14. Spitfire Mk.I & Bf.109G-6 Brass Landing Gear (for Tamiya) 1:48 AeroCraft Models Tamiya have retooled their 1:48 offerings of this iconic duo lately (geologically speaking), and Ali at AeroCraft has created a pair of new landing gear legs to strengthen the models substantially so that they stand up to the handling that will doubtless occur if you intend to show off those magnetically-secured removable cowling panels. They will also be useful if you're planning on decking out your Tamiya kit with all the extras that have been coming out from Eduard and the like. Both sets arrive in their own little Ziplok bag with a card that states what they are, and they're usually cocooned within a little bubble-wrap envelope then shipped in a letter box friendly flat box so you don't have to wonder if you'll get them on time. Spitfire Mk.I Undercarriage (Tamiya) The Spit's main legs are moulded as a single part like the kit's legs, but with them being brass they're a lot tougher, and can stand up to the rigours of daily life as a model. The tail wheel is moulded into its yoke and has a long strut that fits into the rear of the fuselage underside. Both parts have a couple of pouring gates that have already been nipped off, and just need a good quality file to remove the residue and flat it back to where it should be. Messerschmitt Bf.109G-6 Undercarriage (Tamiya) This set consists of four parts, including the two main wheels, which have a long bar that keeps them at the correct angle in the bay, and at the other end a receiver for the wheel parts. Whatever you do though, don't be tempted to remove the little spigots on the top of the bar, as those are there to help fix the part in place. There are two tail wheel parts to match the two bay options, so be careful to use the correct one. Conclusion Not only are these nicely detailed, but they are also priced keenly to make the transition to tougher brass parts easier on the wallet. Unless you're wedded to 100% OOB, there's not much reason to hold back unless you're flat broke. Highly recommended. Review sample courtesy of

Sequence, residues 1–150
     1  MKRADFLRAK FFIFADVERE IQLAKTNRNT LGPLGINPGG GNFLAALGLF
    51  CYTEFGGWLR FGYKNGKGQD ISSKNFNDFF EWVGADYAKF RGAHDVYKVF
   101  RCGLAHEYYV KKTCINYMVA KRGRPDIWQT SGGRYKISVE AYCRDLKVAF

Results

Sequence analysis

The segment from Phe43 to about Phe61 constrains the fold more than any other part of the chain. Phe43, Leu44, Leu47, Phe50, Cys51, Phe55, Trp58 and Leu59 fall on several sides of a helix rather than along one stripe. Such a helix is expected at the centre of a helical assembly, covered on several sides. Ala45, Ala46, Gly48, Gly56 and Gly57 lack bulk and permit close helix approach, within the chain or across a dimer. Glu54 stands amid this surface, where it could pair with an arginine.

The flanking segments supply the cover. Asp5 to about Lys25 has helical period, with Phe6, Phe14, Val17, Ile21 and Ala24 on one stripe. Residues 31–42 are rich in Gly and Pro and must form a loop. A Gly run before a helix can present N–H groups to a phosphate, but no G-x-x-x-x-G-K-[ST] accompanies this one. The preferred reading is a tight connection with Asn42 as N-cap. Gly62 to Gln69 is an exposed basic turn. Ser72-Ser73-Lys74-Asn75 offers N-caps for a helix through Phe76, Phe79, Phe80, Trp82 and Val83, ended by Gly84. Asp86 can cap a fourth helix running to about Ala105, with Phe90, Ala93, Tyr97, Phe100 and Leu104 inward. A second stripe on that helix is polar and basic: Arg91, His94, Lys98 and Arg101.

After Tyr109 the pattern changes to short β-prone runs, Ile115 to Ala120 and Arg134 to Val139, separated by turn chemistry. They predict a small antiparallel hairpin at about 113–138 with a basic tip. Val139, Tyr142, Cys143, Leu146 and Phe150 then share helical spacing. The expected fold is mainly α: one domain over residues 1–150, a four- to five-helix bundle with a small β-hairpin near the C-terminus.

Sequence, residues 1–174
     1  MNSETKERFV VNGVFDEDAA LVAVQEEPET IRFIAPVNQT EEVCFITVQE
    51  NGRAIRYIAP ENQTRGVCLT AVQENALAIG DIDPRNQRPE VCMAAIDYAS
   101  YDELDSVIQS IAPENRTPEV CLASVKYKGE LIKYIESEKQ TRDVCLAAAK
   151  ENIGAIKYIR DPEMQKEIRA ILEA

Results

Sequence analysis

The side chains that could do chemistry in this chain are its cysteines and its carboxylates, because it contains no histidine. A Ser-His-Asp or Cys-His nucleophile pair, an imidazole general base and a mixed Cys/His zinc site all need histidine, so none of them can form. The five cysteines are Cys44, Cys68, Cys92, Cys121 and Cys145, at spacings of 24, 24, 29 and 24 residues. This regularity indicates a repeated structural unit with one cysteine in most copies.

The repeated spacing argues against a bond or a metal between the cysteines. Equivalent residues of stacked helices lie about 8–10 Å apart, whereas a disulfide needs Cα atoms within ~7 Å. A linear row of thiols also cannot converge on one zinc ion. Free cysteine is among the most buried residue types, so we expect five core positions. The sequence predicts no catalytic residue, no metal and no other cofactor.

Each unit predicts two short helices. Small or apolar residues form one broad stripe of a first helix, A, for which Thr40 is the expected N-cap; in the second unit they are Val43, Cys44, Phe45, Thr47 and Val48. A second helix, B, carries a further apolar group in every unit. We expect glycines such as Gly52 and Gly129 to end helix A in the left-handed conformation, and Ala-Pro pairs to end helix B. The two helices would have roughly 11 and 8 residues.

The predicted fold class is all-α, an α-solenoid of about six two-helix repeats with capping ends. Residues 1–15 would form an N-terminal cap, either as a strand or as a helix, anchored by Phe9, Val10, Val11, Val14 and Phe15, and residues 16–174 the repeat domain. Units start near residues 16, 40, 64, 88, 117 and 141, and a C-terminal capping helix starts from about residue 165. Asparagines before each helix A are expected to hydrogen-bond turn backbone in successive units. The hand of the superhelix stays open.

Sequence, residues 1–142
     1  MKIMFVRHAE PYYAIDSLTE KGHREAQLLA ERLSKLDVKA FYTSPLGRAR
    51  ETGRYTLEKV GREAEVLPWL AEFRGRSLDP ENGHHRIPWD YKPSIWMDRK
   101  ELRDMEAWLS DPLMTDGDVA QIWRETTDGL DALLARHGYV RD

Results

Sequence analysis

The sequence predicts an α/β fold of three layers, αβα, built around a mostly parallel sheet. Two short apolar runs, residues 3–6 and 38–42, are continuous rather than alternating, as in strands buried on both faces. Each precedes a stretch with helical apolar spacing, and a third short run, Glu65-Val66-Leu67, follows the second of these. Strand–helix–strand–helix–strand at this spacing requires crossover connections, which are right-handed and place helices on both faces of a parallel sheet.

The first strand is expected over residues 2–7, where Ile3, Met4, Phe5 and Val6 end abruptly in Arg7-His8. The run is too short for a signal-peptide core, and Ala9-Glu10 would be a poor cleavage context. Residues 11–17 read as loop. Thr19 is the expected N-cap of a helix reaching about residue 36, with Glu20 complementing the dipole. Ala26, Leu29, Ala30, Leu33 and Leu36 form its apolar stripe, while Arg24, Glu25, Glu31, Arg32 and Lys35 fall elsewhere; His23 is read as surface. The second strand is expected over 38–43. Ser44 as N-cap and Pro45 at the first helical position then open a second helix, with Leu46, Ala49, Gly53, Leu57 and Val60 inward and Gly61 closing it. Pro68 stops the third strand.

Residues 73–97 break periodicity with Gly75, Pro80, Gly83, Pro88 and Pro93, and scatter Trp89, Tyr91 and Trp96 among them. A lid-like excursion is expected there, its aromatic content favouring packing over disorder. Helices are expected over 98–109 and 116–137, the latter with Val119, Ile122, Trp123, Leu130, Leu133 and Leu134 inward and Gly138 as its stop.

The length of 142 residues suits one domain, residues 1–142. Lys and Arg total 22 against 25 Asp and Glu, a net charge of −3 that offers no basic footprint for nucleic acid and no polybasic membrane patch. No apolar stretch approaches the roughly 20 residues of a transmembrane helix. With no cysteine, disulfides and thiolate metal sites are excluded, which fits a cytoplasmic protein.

15. Earlier